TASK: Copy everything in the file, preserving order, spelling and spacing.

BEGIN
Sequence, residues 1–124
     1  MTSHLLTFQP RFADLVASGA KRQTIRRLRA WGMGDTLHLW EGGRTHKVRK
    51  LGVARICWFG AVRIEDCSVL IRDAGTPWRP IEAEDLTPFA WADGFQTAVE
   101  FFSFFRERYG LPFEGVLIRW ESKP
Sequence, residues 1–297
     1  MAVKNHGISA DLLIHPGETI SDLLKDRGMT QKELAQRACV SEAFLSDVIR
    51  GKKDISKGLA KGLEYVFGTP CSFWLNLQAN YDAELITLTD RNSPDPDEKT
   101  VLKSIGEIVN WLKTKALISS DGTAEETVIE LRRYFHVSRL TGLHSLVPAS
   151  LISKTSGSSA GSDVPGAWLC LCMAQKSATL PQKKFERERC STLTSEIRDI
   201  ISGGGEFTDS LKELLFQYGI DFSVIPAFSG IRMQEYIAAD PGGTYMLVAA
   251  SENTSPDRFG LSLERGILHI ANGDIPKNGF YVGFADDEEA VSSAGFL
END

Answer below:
Sequence, residues 1–124
     1  MTSHLLTFQP RFADLVASGA KRQTIRRLRA WGMGDTLHLW EGGRTHKVRK
    51  LGVARICWFG AVRIEDCSVL IRDAGTPWRP IEAEDLTPFA WADGFQTAVE
   101  FFSFFRERYG LPFEGVLIRW ESKP
Sequence, residues 1–297
     1  MAVKNHGISA DLLIHPGETI SDLLKDRGMT QKELAQRACV SEAFLSDVIR
    51  GKKDISKGLA KGLEYVFGTP CSFWLNLQAN YDAELITLTD RNSPDPDEKT
   101  VLKSIGEIVN WLKTKALISS DGTAEETVIE LRRYFHVSRL TGLHSLVPAS
   151  LISKTSGSSA GSDVPGAWLC LCMAQKSATL PQKKFERERC STLTSEIRDI
   201  ISGGGEFTDS LKELLFQYGI DFSVIPAFSG IRMQEYIAAD PGGTYMLVAA
   251  SENTSPDRFG LSLERGILHI ANGDIPKNGF YVGFADDEEA VSSAGFL